See the Difference / Stories / Lucy Graham - Our Team

Lucy Graham

When Lucy joined our Fellowships team eight years ago, she wasn’t imagining hosting get-togethers for veterans from behind a laptop screen! Yet in 2020, where none of the ‘new normal’ actually feels quite normal, this is just one of many things Lucy has found herself doing, as she and her team work tirelessly to support to our wounded, even while our recovery centres remain closed.

Lucy is our Band of Brothers and Band of Sisters Fellowship Manager for the north, which means she’s normally based at our Phoenix House recovery centre in Catterick, organising face-to-face events all year round for veterans and their families across northern England, Scotland and Northern Ireland. Lucy and her team arrange activities designed to give our wounded and their loved ones safe environments to meet with like-minded people, share experiences and enjoy the camaraderie that many of them say they miss when they leave military life behind. Coffee mornings and family days out are normally par for the course.

But in March, Lucy’s role changed overnight. When our recovery centres closed, she and the rest of the Fellowships team worked fast to move their support online, so that the veterans who rely on it could continue to feel connected during difficult times. Since then, she’s been helping to run up to six virtual meetups a week, giving veterans the opportunity to talk about how they have been coping with lockdown. Lucy joins them from her home in Newcastle, having converted her spare bedroom into a temporary office space.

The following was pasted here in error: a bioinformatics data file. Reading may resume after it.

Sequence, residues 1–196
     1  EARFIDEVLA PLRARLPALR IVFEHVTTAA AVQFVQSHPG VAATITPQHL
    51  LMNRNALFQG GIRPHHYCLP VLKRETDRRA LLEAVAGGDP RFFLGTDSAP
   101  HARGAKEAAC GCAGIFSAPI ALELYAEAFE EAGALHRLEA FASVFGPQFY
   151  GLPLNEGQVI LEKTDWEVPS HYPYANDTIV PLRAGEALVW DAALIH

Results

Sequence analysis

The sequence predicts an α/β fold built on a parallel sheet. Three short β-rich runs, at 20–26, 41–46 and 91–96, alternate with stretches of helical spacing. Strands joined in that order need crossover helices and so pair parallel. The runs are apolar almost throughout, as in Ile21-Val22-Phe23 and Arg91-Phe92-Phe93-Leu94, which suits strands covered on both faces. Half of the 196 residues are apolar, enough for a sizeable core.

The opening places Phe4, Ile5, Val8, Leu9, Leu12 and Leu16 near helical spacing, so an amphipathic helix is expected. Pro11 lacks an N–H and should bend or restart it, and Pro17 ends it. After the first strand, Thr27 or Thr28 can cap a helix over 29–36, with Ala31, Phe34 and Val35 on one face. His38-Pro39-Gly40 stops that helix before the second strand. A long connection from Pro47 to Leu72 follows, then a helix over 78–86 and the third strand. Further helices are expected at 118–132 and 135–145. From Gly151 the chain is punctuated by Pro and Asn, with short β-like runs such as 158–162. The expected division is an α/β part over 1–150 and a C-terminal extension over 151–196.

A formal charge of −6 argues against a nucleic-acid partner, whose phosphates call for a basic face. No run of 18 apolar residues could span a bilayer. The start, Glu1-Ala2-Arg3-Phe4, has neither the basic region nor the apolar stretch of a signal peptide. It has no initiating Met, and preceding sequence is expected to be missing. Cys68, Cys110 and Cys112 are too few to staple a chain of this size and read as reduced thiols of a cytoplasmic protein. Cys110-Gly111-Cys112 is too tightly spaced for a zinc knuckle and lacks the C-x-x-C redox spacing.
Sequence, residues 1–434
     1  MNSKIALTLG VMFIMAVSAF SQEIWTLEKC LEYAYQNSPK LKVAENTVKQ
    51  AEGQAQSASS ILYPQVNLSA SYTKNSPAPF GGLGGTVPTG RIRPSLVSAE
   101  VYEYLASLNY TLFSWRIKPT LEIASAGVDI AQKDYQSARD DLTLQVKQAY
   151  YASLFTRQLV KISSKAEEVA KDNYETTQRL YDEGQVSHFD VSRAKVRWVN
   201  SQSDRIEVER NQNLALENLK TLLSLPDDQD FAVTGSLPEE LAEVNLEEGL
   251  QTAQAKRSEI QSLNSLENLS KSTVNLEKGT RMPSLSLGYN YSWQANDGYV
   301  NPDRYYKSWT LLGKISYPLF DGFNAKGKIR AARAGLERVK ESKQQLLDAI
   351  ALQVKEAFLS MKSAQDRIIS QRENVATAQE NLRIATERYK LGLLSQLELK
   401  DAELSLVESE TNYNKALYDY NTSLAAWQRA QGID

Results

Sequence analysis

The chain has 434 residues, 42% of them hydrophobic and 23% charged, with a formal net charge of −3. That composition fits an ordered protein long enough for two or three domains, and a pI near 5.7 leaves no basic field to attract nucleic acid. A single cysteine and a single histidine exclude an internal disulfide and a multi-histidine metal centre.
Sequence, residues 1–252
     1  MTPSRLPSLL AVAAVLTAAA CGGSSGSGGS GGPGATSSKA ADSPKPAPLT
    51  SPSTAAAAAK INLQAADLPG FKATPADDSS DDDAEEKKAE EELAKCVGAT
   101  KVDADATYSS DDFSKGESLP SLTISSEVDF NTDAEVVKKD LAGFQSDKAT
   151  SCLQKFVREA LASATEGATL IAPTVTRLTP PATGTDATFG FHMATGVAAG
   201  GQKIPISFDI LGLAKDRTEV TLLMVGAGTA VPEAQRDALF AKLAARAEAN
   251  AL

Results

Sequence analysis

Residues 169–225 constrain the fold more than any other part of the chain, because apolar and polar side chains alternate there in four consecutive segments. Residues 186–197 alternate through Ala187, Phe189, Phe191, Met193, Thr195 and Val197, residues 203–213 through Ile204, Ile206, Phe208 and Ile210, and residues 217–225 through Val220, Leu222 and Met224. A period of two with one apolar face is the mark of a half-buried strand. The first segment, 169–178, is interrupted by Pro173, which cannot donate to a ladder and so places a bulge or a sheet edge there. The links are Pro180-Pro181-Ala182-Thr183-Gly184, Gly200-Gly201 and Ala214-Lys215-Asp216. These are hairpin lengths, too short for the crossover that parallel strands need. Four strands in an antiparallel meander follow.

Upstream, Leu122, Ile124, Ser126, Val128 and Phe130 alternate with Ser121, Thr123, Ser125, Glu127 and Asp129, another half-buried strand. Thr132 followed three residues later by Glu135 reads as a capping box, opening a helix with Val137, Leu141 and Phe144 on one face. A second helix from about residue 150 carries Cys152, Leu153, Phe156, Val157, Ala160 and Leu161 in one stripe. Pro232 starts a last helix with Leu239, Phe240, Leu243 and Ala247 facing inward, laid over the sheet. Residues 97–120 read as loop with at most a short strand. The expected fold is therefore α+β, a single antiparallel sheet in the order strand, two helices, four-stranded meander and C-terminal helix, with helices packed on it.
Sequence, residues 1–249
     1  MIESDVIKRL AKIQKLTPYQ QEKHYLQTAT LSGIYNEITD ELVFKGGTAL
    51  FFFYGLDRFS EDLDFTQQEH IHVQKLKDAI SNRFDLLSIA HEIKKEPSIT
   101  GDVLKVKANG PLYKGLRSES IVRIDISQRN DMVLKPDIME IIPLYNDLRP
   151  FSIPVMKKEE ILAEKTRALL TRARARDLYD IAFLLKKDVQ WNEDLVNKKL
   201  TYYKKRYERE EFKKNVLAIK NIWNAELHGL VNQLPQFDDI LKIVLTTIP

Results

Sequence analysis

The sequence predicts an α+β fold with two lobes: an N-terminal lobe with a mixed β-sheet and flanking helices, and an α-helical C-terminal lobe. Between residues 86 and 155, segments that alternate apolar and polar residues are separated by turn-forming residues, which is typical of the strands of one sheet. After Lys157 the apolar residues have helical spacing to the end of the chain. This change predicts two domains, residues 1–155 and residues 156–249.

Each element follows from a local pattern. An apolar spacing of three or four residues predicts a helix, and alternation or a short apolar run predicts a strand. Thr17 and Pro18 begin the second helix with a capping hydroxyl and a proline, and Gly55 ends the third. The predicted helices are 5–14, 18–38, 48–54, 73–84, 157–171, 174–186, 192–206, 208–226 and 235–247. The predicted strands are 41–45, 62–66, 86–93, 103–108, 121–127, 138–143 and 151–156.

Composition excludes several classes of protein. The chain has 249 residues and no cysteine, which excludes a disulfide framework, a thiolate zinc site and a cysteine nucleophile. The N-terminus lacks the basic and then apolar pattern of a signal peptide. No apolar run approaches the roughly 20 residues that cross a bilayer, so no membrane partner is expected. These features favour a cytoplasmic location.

“The situation hasn’t been easy as things moved very quickly -  as they did for everyone. We didn’t really have time to get used to this new way of life! But being able to adapt our services so quickly has been rewarding. The feedback from veterans has been great, and it’s also been great to see a lot of faces come back and use the virtual get-togethers regularly. They are really helping people feel part of something.”

“When I first started working here, I grew a particular interest in the family members and how we could support them,” says Lucy. “There are [often] family members who suffering silently in the background, holding the family together, who need our support as well.”

For Lucy herself, staying connected with friends and family during the lockdown helped with “a bit of normality”. The lockdown also gave her and her husband, who married in January, some unexpected time together to settle into life as newlyweds. “We would usually be here there and everywhere. My husband serves in the Armed Forces and I travel a lot with work so it’s been a nice change for a while”, she says.

As lockdown restrictions ease, Lucy is looking forward to the day face-to-face Fellowship activity can resume once more. But she stresses that she and her team are keen to also continue to offer this new, virtual element to what they do alongside it.

“We would love to see more of our Band of Brothers and Band of Sisters members engage and benefit from this service,” she says.

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